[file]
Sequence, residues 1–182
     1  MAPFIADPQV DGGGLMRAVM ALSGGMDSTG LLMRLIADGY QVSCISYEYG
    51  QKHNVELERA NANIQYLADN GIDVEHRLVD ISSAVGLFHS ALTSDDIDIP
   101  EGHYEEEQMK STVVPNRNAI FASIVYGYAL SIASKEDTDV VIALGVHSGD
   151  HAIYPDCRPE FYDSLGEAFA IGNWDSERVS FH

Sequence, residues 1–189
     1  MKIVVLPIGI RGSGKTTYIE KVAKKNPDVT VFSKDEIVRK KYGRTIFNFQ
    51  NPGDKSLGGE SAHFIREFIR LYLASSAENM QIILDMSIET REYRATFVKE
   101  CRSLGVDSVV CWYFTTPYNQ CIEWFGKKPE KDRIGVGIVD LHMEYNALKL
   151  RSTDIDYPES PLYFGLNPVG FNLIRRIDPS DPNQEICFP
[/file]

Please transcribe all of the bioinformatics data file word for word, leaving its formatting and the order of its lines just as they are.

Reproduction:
Sequence, residues 1–182
     1  MAPFIADPQV DGGGLMRAVM ALSGGMDSTG LLMRLIADGY QVSCISYEYG
    51  QKHNVELERA NANIQYLADN GIDVEHRLVD ISSAVGLFHS ALTSDDIDIP
   101  EGHYEEEQMK STVVPNRNAI FASIVYGYAL SIASKEDTDV VIALGVHSGD
   151  HAIYPDCRPE FYDSLGEAFA IGNWDSERVS FH

Sequence, residues 1–189
     1  MKIVVLPIGI RGSGKTTYIE KVAKKNPDVT VFSKDEIVRK KYGRTIFNFQ
    51  NPGDKSLGGE SAHFIREFIR LYLASSAENM QIILDMSIET REYRATFVKE
   101  CRSLGVDSVV CWYFTTPYNQ CIEWFGKKPE KDRIGVGIVD LHMEYNALKL
   151  RSTDIDYPES PLYFGLNPVG FNLIRRIDPS DPNQEICFP